Research the Relatives and Friends
Birds of a feather flock together—and so did your ancestors, leaving valuable clues with their clusters of family, friends and neighbors. Here's how "cluster genealogy" can get your research off the ground.

You've heard the expression, "We're all in this together." Try thinking of your ancestors the same way. Just like you, your ancestors were not isolated individuals:

• They were part of a family, with siblings and cousins, aunts and uncles, parents and grandparents. Groups of relatives often lived near each other, worshipped together, witnessed each other's documents and were buried in the same cemetery.

• Like you, ancestors had friends and neighbors. Often their spouses came from neighboring families or were the siblings of classmates and military buddies. They and their friends were lodge brothers or officers in the ladies' literary society.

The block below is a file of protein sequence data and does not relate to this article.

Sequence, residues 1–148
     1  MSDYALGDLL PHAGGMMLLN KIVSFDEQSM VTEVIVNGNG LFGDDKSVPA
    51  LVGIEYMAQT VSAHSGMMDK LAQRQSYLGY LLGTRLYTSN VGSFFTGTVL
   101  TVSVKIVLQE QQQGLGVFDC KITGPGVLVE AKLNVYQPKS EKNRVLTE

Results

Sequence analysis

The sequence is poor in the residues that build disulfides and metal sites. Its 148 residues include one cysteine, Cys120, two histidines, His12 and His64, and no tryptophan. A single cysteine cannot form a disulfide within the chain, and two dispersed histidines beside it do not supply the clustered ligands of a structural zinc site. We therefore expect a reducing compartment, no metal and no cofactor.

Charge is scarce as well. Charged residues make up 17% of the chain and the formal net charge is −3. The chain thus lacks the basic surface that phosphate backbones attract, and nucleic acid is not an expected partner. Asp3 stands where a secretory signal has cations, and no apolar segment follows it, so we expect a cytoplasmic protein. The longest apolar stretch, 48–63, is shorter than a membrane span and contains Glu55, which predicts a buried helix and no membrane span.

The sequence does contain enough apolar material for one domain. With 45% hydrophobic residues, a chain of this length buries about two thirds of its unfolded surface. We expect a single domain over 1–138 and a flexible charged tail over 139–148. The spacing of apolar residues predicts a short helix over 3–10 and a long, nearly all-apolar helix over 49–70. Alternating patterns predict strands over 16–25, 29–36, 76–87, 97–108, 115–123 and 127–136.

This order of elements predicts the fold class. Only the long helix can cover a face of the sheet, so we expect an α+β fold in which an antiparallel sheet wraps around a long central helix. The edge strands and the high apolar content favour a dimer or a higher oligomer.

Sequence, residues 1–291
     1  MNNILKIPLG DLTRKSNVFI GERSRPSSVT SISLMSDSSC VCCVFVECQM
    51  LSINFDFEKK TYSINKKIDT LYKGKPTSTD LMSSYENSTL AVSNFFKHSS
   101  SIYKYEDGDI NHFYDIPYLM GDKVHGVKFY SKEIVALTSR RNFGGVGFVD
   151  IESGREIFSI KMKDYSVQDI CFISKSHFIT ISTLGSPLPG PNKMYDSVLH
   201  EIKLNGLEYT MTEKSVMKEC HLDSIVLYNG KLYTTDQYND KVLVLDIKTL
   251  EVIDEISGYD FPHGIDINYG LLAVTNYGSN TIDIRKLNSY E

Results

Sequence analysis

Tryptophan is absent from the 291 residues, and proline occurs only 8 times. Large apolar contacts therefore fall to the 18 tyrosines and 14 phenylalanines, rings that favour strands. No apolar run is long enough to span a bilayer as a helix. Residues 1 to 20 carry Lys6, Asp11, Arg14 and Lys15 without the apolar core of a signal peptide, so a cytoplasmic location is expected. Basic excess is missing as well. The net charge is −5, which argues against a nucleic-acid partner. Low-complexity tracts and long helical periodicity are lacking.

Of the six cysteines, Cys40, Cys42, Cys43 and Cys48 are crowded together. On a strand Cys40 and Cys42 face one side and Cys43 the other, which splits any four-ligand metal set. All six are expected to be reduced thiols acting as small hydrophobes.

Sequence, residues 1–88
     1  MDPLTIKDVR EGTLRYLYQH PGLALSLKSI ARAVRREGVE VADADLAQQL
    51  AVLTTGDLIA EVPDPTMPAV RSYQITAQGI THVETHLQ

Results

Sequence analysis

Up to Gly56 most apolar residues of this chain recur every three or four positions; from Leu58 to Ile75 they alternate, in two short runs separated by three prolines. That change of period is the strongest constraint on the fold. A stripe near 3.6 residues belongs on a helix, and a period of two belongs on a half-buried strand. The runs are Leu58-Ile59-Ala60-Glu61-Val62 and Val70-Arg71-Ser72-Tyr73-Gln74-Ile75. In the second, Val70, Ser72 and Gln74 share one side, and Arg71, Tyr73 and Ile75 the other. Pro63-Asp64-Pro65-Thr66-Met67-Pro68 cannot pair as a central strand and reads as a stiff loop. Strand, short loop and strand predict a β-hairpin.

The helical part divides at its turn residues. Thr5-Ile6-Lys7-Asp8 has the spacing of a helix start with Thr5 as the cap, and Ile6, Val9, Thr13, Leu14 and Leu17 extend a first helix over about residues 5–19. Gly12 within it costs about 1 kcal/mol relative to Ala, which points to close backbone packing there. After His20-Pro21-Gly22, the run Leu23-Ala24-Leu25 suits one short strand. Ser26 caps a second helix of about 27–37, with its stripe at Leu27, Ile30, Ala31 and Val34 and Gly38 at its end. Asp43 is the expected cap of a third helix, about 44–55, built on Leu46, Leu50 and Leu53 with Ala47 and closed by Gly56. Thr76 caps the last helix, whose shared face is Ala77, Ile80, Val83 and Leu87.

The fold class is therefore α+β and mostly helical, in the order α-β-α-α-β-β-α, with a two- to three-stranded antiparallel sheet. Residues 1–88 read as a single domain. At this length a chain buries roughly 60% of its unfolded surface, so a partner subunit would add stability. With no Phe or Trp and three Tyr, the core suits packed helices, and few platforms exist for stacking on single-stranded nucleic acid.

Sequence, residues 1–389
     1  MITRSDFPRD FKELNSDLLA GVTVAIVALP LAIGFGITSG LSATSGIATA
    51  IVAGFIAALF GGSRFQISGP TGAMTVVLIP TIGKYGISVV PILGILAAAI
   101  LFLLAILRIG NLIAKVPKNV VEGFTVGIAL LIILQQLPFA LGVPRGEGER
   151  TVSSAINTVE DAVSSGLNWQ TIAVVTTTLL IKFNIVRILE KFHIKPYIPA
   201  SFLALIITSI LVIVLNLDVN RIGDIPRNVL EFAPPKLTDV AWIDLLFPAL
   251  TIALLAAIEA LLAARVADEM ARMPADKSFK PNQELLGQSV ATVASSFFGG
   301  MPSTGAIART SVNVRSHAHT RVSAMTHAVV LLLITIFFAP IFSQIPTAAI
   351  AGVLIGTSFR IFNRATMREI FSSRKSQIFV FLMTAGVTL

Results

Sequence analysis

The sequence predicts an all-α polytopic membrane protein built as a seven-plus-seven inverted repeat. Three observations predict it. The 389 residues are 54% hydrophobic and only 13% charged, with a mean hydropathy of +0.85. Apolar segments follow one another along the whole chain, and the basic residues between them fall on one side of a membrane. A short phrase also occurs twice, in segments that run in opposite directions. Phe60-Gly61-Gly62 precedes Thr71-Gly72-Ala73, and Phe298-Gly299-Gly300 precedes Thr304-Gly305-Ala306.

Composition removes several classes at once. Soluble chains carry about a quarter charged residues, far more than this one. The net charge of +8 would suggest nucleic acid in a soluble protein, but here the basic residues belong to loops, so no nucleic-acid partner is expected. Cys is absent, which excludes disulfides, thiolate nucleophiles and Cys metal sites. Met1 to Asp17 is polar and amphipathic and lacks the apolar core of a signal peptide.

• Your ancestors had business partners and co-workers, were clients of local doctors and lawyers and bought dry goods from the local mercantile store. They were known in their communities and occasionally got their names in the local newspapers.

• Sometimes, even small communities had several families by the same surname. When you start researching, you may not know whether these same-name families were related to yours. They may have been, and it could be to your benefit to find out.

Studying your ancestors in the context of this community of relatives, friends, neighbors, associates and same-name families is practicing "cluster genealogy."

Emily Anne Croom is the author of four books on genealogy, including the best-selling Unpuzzling Your Past (Betterway Books), now in an enlarged, updated and revised fourth edition.